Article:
Jens Jensen (1860-1951  Danish-American landscape architect)

A colleague clued me in about the Heller Nature Center and provided me with the address.  That was key as the entry is easy to pass.  It is part of the Park District of Highland Park.  A quiet suburban enclave set on 97 acres, this is a location where a visitor can appreciate the simplicity of natural beauty.  Be sure to see both the indoor and outdoor attractions for a full experience.

The site has a connection to Jens Jensen who was a Highland Park resident.  A few facts about Jensen are in order at this point.  Born in Slesvig, Denmark to a wealthy farming family, he developed a love of nature in his early years.  He emigrated to America and was influential in creation of the Chicago park system.  Jensen’s style was to use open spaces, light and shadow and native plants to advantage in natural surroundings.

The Goodman Log Cabin is situated on this property.  In 1926 Jensen designed and supervised construction of the log cabin as a playhouse for the children of Irene K. and Benedict K. Goodman.  Later, the cabin was a gift to the Park District of Highland Park.  Moved to Heller in 1981, it currently houses wildlife displays.  Enter and note the fine stone fireplace opposite the front door.

Turning to the outside, three miles of pathways invite a walk.  Paths are color coded and outlined on maps posted along the routes.  There are four gravel trails.  Two are marked as wheelchair accessible but may not appeal to everyone.

aqua – 3/8 mile loop around the Nature Center (wheelchair)

red – 1 mile full loop to the north

gold – 1/2 mile loop to the south

blue – 5/8 mile to the pond & return (wheelchair)

The trails lead to wetlands, stands of hickory, oak and pine trees, oak savannas plus tall grass prairies.  Color coded markers nailed to posts guide the way.

Bee hives are in a clearing a short distance from the log cabin.  The bees pollinate plants in the park.  A group of volunteer beekeepers tend the apiary and harvest the honey.  Proceeds from the honey sales support the beekeeping activities and educational programs.  Honey from the 2011 season has sold out with the next harvest expected in August 2012.  Consult the calendar of events for upcoming events with the beekeepers.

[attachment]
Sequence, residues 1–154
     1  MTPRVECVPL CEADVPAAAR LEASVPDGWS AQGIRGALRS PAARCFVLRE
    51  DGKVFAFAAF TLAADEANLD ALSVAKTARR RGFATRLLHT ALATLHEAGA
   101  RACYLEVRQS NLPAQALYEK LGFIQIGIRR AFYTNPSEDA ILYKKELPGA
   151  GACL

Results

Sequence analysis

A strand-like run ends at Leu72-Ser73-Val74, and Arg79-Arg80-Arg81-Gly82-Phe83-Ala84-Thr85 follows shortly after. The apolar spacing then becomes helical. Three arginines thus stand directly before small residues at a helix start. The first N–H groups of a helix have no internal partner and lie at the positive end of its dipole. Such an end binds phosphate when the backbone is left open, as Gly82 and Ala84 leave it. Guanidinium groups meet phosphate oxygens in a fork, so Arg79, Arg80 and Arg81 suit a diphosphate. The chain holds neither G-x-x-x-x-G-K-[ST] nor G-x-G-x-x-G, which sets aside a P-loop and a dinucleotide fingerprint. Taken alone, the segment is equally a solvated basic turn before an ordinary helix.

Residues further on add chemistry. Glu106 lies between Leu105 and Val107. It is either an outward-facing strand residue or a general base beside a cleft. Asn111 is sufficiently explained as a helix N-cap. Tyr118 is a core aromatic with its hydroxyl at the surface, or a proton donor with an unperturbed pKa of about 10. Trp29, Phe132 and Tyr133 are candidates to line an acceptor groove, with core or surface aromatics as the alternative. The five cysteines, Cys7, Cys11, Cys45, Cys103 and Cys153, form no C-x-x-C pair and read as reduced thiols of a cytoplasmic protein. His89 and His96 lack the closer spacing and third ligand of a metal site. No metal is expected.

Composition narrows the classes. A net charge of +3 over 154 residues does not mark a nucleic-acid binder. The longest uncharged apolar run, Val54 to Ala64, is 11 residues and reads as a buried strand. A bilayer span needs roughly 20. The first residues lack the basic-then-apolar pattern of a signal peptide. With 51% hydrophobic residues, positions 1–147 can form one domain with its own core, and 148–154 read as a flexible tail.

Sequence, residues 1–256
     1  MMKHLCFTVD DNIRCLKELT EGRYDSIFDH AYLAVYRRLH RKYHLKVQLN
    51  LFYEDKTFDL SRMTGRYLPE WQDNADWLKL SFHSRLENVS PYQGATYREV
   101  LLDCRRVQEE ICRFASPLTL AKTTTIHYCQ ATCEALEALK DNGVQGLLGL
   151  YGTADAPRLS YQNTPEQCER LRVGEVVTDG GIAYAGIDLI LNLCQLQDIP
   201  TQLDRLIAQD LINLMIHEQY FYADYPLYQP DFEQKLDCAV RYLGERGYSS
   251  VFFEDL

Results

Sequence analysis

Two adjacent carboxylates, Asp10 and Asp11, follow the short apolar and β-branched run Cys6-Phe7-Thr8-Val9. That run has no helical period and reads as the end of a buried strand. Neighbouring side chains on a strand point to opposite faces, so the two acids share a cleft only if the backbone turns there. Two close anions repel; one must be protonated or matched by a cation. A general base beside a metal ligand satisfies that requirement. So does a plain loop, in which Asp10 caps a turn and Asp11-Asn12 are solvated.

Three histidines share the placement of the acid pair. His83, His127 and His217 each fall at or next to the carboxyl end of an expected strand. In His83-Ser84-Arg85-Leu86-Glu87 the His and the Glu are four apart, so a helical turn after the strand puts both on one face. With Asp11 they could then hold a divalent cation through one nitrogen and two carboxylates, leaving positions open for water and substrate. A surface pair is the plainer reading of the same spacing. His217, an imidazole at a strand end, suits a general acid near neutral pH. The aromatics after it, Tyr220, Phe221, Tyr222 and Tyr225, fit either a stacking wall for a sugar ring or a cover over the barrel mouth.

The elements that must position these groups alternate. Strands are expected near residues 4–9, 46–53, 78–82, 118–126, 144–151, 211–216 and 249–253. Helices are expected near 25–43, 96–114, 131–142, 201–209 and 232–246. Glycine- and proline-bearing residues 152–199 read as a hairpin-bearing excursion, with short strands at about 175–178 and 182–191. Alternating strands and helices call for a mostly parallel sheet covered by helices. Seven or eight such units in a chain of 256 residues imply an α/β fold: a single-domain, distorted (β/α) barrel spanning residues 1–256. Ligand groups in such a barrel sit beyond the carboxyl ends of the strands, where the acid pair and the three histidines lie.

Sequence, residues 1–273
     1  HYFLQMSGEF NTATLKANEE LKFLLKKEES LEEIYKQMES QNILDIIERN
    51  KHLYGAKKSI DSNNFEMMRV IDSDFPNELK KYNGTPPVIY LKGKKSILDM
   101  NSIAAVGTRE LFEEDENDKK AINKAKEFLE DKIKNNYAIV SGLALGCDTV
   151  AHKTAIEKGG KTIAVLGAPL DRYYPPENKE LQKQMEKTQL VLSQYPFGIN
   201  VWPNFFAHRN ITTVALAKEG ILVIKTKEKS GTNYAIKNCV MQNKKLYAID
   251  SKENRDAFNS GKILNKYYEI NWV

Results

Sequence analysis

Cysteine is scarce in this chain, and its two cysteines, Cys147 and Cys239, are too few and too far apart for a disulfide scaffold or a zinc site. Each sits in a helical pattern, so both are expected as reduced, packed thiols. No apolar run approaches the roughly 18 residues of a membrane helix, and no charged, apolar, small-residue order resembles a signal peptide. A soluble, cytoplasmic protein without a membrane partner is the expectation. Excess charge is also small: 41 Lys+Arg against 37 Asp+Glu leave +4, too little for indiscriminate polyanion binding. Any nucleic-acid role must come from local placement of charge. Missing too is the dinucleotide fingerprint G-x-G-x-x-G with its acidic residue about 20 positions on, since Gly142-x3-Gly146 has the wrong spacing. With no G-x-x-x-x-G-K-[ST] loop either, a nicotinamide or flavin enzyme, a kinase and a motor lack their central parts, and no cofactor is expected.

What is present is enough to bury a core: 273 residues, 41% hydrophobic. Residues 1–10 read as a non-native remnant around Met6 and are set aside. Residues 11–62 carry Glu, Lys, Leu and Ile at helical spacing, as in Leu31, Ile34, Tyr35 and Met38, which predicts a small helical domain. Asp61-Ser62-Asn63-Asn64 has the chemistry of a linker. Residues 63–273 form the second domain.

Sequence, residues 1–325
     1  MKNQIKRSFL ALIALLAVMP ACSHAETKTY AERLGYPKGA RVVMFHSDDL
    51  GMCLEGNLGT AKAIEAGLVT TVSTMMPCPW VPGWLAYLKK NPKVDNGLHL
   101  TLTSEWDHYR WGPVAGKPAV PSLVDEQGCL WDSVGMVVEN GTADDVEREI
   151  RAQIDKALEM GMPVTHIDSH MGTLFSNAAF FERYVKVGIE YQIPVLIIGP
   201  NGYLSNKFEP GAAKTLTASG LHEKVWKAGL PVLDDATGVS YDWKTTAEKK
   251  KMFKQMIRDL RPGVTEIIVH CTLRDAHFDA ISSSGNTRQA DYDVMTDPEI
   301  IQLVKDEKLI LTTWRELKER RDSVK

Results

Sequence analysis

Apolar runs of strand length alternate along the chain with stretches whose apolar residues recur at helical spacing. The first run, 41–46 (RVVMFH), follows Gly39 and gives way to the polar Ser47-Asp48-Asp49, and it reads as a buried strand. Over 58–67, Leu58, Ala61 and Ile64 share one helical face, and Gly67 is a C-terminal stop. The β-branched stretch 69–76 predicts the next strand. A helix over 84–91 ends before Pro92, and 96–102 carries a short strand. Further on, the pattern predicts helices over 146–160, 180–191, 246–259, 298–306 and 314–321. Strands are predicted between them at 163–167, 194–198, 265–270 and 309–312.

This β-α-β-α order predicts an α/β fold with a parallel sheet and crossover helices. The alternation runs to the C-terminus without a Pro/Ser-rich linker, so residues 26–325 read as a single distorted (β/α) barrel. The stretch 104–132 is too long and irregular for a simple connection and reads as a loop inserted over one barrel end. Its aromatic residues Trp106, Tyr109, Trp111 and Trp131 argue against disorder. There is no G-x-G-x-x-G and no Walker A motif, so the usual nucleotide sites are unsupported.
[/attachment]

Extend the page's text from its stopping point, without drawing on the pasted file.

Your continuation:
Following the trail, you may pass the Council Ring.  Not too far beyond this point I observed a plaque on a tree cautioning against tree trimming.  This was a spot favored by nesting birds.

Turning to the nature center building, step inside to view the interpretive displays about the eco-systems found on the grounds.  A 450-gallon fish tank features native fish species and aquatic vegetation.  See a bee colony between glass panels or read information about local birds and hear their recorded calls.  The information is of interest to all age groups.

Amenities in the building are washrooms, water fountains with cold water as well as a beverage vending machine.  It offered a respite on a very warm day.

A Nature Art Show in the multipurpose room is running through the end of July 2012.  The photography of Kris Schroeder is on display and offered for sale.  Website:

The Heller Nature Center is a hidden treasure.


Leashed pets are permitted.  Waste must be removed – mitts provided.

There is ample parking & a bike rack.

The grounds have two modest picnic areas.

A 3-level water fountain outside the south end of the nature center is available for people and pets.  The lowest level is suitable for dogs.

In winter, cross-country skis are available for rental.

More Information:

Grounds Open: dawn to dusk daily

Nature Center Hrs: M-F 8:30 AM-5:00 PM, Sat. 9:00 AM-3:00 PM

Park District of Highland Park –

Heller Nature Center –

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Fort Sheridan Post Cemetery – Fort Sheridan, IL

“Look at an infantryman’s eyes, and you can tell how much war he has seen.”

Bill Mauldin, Up Front, 1945  (1921 – 2003 WW II cartoonist and infantryman)

Fort Sheridan Post Cemetery, Vattner Rd., Fort Sheridan, IL 60037

For more than 30 years I have passed the cemetery entrance on Sheridan Rd. without making the turn to go inside.  This past Memorial Day, Monday, May 28, 2012, I went to the Memorial Day Service.  It was well attended.  An Army service member in uniform thanked visitors for coming.  Many people thanked him.